UK, February 11, 2009 - Ultimately, Watchmen isn't about storylines or action, it's about the charcters. What if people really dressed up and fought crime in the real world - what would they be like, how would it mess them up? In the second part of our series of features taking an in-depth look at the film adaptation of the graphic novel, we discuss this essential aspect of the film with the stars of the movies.

Jeffrey Dean Morgan - The Comedian

"Well, The Comedian was a bad kid. At 16 he becomes a superhero, I think out of the necessity to wanna knock people's heads. His credo in life was violence. He doesn't know how to interact with people on any other level than smacking them around. So it was either be a criminal or become a superhero. And otherwise he would have been in jail his whole life. This was the only thing he could do with his life other than maybe be a prisoner somewhere. He was not a good guy. He figured his only option, in my mind, was to become one of these vigilante superheroes, who clean up the docks of New York aged 16 wearing a funny costume. And that's what he did."

Patrick Wilson - Nite Owl

"He's a retired costumed avenger. His father had a lot of money, he went to school, he majored in aeronautics and zoology in Harvard. Had all this money. He's a very smart guy, now, having been retired for about eight years, and he retired very young because there was this act called the Keene Act where they outlawed costumed avengers. The movie's a hard sell to try and tell someone in a few sentences because you have to understand that this movie is in an alternative reality in New York where the US has won in Vietnam, Nixon is still in power, we have the world's superhero who is basically our own nuclear force and can pretty much destroy anything in the world, and there have been masked avengers in the fabric of society for the last 50 years. So once you get beyond that!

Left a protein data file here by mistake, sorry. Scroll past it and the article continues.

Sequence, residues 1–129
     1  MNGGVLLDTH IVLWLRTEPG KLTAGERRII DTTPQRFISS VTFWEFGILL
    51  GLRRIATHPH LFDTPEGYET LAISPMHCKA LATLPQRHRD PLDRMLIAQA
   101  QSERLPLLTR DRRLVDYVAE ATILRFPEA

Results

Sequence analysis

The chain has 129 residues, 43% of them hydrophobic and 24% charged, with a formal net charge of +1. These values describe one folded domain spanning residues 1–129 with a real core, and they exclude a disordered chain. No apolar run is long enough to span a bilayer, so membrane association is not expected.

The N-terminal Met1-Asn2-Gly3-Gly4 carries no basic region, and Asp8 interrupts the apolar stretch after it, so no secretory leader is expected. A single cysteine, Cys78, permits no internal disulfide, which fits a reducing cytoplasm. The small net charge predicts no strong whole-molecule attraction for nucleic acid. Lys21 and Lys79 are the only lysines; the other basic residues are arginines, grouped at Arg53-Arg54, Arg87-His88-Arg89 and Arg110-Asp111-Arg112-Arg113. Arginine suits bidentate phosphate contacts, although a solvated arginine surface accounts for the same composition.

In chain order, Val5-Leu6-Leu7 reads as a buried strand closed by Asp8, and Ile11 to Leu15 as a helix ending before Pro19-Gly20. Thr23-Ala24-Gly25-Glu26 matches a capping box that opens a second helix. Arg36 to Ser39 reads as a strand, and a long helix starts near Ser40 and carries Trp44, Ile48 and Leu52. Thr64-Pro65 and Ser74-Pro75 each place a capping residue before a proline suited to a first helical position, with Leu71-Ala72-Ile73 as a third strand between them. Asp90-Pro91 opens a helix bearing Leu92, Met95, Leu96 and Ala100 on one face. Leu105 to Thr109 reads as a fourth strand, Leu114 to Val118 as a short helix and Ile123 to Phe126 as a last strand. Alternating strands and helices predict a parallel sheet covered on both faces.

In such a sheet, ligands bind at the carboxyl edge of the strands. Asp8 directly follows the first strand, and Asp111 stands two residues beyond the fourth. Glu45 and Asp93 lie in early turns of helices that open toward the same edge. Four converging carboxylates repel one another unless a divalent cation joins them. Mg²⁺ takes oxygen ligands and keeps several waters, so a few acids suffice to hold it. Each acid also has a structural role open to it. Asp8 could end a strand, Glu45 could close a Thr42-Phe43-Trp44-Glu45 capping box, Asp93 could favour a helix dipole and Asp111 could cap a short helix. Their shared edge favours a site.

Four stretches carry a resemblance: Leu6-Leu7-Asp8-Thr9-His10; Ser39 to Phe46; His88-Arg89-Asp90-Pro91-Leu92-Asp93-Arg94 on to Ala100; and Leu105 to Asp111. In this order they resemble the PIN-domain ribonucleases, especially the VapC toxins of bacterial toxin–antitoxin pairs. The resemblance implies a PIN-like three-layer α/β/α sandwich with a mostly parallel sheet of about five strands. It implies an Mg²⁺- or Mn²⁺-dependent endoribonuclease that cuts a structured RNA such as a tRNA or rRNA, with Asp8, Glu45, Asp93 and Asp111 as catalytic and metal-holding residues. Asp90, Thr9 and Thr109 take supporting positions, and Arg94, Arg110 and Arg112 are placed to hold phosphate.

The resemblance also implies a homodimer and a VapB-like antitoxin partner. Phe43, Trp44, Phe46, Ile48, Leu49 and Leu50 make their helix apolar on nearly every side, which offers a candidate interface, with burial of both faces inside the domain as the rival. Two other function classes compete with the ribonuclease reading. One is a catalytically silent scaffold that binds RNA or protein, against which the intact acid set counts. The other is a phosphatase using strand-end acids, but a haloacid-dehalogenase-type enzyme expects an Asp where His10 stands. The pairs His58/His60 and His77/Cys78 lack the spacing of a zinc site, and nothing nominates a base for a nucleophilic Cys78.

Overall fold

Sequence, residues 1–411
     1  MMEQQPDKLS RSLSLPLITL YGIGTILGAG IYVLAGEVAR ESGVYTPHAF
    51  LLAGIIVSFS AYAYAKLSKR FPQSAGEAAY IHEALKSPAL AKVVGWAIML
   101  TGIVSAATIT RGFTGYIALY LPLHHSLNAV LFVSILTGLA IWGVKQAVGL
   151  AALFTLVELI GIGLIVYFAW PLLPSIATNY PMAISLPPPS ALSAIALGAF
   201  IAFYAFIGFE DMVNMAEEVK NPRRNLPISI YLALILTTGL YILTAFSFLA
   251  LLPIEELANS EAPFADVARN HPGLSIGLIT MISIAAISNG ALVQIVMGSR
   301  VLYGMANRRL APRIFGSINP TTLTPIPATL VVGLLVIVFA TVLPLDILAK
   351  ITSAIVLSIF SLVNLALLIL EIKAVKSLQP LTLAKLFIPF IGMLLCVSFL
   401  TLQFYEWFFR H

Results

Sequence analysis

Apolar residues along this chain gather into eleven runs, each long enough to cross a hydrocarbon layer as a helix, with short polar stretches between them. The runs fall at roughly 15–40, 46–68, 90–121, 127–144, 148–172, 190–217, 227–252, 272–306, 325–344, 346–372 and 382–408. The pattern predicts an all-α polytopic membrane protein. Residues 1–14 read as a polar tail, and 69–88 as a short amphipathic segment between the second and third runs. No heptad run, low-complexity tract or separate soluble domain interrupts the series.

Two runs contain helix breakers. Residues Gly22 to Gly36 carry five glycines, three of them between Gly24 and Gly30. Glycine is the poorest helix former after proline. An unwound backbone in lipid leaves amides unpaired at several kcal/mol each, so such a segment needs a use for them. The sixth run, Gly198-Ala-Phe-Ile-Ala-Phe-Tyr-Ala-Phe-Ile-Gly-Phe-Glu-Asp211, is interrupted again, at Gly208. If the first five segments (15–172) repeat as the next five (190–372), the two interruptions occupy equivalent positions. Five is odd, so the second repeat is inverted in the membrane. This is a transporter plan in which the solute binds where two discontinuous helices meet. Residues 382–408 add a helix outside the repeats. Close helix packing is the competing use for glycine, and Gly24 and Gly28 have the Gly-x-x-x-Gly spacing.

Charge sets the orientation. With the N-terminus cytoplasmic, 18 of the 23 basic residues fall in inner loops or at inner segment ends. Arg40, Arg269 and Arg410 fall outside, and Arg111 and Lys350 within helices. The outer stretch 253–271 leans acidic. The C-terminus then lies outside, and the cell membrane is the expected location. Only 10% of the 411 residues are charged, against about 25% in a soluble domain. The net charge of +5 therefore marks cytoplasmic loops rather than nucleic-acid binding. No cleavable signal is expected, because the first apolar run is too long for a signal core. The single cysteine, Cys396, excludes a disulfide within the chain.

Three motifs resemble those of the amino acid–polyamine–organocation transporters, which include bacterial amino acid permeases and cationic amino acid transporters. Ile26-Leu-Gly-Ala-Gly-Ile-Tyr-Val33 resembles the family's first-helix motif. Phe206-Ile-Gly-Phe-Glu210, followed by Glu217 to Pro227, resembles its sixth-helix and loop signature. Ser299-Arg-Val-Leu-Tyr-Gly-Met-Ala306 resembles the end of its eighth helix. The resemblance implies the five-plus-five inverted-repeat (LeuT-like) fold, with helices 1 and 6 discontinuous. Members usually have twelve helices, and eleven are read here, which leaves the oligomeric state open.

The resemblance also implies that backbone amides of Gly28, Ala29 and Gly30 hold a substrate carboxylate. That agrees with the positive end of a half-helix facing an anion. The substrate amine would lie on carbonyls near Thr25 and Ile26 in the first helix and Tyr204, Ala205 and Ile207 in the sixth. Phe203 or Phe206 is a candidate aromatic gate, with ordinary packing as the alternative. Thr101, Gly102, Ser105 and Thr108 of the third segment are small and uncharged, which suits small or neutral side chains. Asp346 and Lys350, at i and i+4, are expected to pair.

"Yes, I'm a downtrodden, out of shape, retired, costumed hero who doesn't know where he fits in society. And through the course of the movie, he starts trying to do good and trying to feel like a man again, both physically and emotionally. Trying to fit back in when his whole goal of being this character - this Nite Owl , fighting crime for the good of justice. Once that is gone and taken away from him, he is much like a soldier coming back from war. They bring that up in the graphic novel. I'm literally quoting Alan Moore: he's likening him to a soldier coming back from war and not feeling like a part of society. "